Ann Oren on Having Audiences Chomping at the Bit in “Piaffe”

In a sign of things to come in the marvelous feature debut of Ann Oren, “Piaffe” starts with a dare when Eva (Simone Bucio) is called in by the director of a commercial for a mood stabilizer, displeased with the sound effects she’s created for the ad featuring a gloomy horse. She’s got reason to be as distraught as the equine when the reason she’s taken on the gig as a Foley artist is because her sibling Zara (Simon Jaikiriuma Paetau) isn’t up to the task, recently committing themselves to treatment, but so intent on trying to appease the director, she takes the form of the horse in other ways, throwing herself into a full-on transformation that involves clopping around in tap shoes and gnawing on a gold chain to get just the right sound of a horse chewing. One can’t necessarily tell the difference in quality when she offers up a second pass at the prescription drug ad, but the personal awakening she’s had as a result of the assignment is undeniable, no longer seeing herself as a different species from the other living organisms she studies.

Oren, who came to film as an accomplished visual artist, finds great pleasure in breaking through formal conceits as readily as her lead character starts breaking down the barriers with other walks of life, as Eva is drawn to a botanist (Sebastian Rudolph) she meets as she’s sourcing sounds out in the field and beyond the animal instincts she’s developed, the blossoming of flora around her encapsulates the sexual awakening taking hold better than any other feeling she’s had as a human. “Piaffe” redefines what’s natural when Oren makes brilliant use of perspective and sound to reorient its audience towards what they should be attuned to when the world comes alive around Eva and she no longer feels held back by conventional wisdom from following her desires. It becomes just as easy to surrender to “Piaffe,” which has enchanted audiences from Locarno to San Sebastián and arrives on U.S. shores this week in theaters and while in New York where the film is opening at the Quad, Oren spoke about how she became enamored of the work of Foley artists, finding truly sensational expressions of life unfolding right before our eyes and working with Bucio.

Because I talk to a lot of filmmakers, and I know that they always are surprised by how much they can do with sound and that seems like a starting point for this. Was that a real epiphany in your own filmmaking journey?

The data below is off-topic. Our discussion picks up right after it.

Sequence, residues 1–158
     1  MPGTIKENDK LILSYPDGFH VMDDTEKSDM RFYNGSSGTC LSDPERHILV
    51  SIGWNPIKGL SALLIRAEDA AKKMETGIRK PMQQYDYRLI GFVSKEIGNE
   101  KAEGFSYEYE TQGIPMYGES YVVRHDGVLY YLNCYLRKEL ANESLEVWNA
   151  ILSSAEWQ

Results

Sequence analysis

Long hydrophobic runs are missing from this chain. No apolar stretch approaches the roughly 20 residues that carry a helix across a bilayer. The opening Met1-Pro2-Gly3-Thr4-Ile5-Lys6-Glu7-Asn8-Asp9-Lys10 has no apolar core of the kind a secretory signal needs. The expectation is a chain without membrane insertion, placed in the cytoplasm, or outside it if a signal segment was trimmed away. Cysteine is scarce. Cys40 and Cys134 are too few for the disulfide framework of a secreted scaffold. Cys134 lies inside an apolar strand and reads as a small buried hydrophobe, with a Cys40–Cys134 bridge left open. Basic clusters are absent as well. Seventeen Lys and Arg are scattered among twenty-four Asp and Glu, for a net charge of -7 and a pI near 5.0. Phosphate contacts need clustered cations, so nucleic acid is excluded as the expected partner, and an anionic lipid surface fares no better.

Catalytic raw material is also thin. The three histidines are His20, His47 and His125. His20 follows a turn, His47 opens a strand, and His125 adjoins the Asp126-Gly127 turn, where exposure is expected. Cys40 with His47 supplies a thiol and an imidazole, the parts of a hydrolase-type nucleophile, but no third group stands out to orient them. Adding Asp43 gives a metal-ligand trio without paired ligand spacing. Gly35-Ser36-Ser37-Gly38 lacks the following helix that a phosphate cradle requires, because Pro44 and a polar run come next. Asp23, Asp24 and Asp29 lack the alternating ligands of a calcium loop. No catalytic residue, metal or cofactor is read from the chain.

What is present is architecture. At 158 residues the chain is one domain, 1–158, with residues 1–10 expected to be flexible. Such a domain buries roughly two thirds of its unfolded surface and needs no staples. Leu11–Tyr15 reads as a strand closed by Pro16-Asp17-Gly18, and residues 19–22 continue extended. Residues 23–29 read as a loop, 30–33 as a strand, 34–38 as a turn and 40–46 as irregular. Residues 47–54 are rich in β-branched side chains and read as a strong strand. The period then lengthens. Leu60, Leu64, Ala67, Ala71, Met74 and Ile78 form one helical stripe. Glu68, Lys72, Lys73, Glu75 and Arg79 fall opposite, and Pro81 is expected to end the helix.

Absolutely. I’ve been waiting for many years to be awakened by an idea for a film, not just a narrative, but the idea of how to make it in a way that I could create a language where I have a place to add something that is not something that I feel like I’ve seen before. And the idea [for “Piaffe”] was to make a film about a foley artist who creates sounds for a horse and then grows into a horse. And I knew that because she’s a Foley artist, I have to use sound as a chief storytelling tool. So I wanted to get a lot of sounds that would creep under your skin so that the character is going through a transformation and you as the viewer, you can fill this transformation together with her, then in different ways to play with the sound to give the viewer the feeling of what it is to be a foley artist, because all day long you’re building a sound from scratch, layer by layer by layer, and then you go out to the street and it’s so loud because in the studio the sound is so controlled. You go to the street, it’s so loud, and then the sound doesn’t match the picture always and you don’t know where it’s coming from, so things like this were really interesting to play with.

Your earlier film “Passage” actually has the same starting point of a foley artist, played by Simon[e] Jaikiriuma Paetau, who now appears as Eva’s sibling. Did you know how this could evolve from the short?